South African bioinformatics expert Professor Tulio de Oliveira was recently honoured with Time Magazine’s 100 most influential people award. Biénne Huisman sat down with him to talk about his part in the discovery of new COVID-19 variants, his chats with the President, and the treasure trove of scientific research excellence in Africa.
According to new estimates from the World Health Organization around 61 000 people died of TB in South Africa in 2020, an increase of around 5% over 2019. That works out to over 1 100 TB deaths in the country every week. We urgently need a transparent TB recovery plan and we need both President Cyril Ramaphosa and Health Minister Joe Phaahla to invest real political capital in the implementation of the plan, the authors argue.
Last night President Cyril Ramaphosa announced that Dr Zweli Mkhize had resigned as South Africa’s Minister of Health after eight weeks on special leave. Although Mkhize will primarily be remembered for the Digital Vibes scandal that caused his downfall, a lot more happened over the last two years. Spotlight editor Marcus Low asks what we can learn from Mkhize’s time as health minister and tries to make sense of some of the contradictions.
On Monday President Cyril Ramaphosa announced that South Africa will host the first World Health Organization-backed COVID-19 mRNA vaccine Technology Transfer Hub – an initiative designed to get the production of mRNA vaccines off the ground in Africa. Parties involved in the hub expect to hear as early as next week whether pharmaceutical companies with mRNA COVID-vaccines for COVID-19 on the market – Moderna and Pfizer/BioNTech – will share their know-how with the hub. Chris Bateman reports for Spotlight.
While the Digital Vibes scandal has no doubt presented President Cyril Ramaphosa with a massive headache, it has also presented him with an opportunity. In appointing a new Minister of Health, he can set South Africa’s COVID-19 response on a sounder footing. We should soon know whether this is an opportunity he is ready to take, writes Spotlight editor Marcus Low.
Messenger RNA (mRNA) vaccines, such as the COVID-19 vaccines made by Moderna and Pfizer/BioNTech, have been hailed for their manufacturing advantages over conventional vaccines – so much so that African leaders such as President Cyril Ramaphosa has called for mRNA production capacity to be developed in Africa. Catherine Tomlinson examines why mRNA vaccines are easier to make than some other types of vaccines and asks what it will take to build such production capacity.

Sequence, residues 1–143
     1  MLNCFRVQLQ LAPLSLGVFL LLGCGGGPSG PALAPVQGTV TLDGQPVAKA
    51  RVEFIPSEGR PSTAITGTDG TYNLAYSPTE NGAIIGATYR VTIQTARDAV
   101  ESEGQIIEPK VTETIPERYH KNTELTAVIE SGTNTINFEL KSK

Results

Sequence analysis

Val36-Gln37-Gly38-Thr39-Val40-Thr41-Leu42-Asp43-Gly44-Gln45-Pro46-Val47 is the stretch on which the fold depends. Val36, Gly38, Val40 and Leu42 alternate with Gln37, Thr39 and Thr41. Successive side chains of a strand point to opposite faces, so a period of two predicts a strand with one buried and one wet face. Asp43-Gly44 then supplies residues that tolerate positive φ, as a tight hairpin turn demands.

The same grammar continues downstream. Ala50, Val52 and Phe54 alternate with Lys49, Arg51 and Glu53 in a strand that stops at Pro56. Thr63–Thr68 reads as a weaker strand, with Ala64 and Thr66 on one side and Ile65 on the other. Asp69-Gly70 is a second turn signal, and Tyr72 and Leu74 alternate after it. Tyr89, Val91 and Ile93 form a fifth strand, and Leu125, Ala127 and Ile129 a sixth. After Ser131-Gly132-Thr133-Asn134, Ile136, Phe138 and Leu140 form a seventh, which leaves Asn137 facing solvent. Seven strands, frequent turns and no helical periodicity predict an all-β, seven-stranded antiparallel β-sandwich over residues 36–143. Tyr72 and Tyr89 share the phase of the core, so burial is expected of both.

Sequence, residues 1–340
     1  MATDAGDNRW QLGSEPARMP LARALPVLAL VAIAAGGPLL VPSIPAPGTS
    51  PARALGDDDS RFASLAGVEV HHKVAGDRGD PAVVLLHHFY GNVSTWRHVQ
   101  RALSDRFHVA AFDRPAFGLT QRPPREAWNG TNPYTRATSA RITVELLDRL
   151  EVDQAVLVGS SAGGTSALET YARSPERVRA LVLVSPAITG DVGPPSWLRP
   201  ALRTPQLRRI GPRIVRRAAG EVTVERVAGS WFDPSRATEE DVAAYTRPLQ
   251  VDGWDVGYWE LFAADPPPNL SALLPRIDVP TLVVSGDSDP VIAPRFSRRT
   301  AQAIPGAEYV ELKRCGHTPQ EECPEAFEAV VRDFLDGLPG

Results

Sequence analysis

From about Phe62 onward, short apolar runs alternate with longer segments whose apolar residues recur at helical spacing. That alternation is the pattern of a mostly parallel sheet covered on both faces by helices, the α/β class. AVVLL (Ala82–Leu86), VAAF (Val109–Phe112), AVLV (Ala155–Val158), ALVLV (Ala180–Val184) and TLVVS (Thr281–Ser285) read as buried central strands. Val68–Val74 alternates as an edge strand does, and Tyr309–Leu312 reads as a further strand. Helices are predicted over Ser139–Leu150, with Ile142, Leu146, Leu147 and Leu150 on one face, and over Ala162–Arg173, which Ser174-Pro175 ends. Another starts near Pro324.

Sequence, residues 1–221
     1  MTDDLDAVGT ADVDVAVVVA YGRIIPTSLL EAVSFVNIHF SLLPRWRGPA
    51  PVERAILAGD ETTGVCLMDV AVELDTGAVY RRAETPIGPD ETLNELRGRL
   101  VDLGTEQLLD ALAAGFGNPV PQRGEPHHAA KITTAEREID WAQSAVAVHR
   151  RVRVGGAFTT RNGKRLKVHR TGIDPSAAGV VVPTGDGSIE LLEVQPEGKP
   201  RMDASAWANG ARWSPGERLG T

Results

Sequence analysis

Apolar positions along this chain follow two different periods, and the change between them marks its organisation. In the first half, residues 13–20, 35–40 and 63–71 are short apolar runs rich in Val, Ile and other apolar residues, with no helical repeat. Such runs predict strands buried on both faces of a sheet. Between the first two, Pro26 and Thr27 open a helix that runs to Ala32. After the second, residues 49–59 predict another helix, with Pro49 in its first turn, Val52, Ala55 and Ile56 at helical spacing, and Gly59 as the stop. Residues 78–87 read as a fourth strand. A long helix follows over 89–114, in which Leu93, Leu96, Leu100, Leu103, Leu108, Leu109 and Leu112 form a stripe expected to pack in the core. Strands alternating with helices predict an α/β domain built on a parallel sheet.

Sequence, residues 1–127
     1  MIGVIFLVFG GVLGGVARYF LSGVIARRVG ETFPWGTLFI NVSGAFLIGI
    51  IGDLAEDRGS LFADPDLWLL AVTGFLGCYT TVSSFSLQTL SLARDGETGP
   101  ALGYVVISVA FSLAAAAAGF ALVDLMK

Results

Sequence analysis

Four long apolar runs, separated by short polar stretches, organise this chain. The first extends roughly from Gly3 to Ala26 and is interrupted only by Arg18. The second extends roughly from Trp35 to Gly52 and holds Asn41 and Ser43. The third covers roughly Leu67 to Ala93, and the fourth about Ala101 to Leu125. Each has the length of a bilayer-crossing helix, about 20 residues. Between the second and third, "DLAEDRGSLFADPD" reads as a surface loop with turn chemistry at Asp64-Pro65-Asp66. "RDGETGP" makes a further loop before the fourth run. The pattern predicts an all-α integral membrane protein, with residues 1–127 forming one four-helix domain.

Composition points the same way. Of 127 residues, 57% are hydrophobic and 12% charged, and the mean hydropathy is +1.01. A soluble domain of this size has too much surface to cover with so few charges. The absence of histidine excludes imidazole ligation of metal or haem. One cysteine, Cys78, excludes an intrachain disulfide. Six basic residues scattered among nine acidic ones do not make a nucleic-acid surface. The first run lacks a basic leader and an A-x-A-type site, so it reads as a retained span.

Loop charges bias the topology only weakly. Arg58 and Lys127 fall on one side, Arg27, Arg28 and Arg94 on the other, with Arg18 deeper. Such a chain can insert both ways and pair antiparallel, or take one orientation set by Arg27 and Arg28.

25 heads of state, including South Africa’s President Cyril Ramaphosa, have called for the creation of an international pandemic treaty to strengthen global capacity to predict and respond to pandemic threats. But what should we make of this development, given that existing treaties have often been ignored during the COVID-19 crisis and recent efforts toward a research and development treaty for health products have floundered, asks Catherine Tomlinson.
Six years after the South African Human Rights Commission held hearings into access to emergency medical services in the Eastern Cape little has changed for the people of Xhora Mouth, writes Phumzile Msaro.
The World Trade Organization TRIPS council is expected to vote on South Africa and India’s proposed patent waiver on 10 or 11 March which could, if granted, help countries to scale up production of COVID-19 vaccines. But, while the waiver is important, argues Julia Chaskalson, it is also urgent that South Africa should amend its outdated domestic patent laws.
Some foreign nationals in South Africa, their community leaders, human rights lawyers and activists are concerned that their health needs are falling through the cracks. This was compounded during lockdown with some foreign nationals claiming they were refused healthcare and others now concerned they will be excluded from the vaccine rollout. Luvuyo Mehlwana reports.
On 17 February Sr Milanie Bennett administered the Johnson & Johnson vaccine to President Cyril Ramaphosa. Bienne Huisman tracked her down to learn more about her long journey to this historical moment.
President Cyril Ramaphosa has called the COVID-19 pandemic the gravest crisis in the country’s democratic history. Now, with the Western Cape and Gauteng making up nearly 64 percent of the country’s total confirmed infections, Kathryn Cleary asked departments of health in both provinces how prepared they are for the coming peak.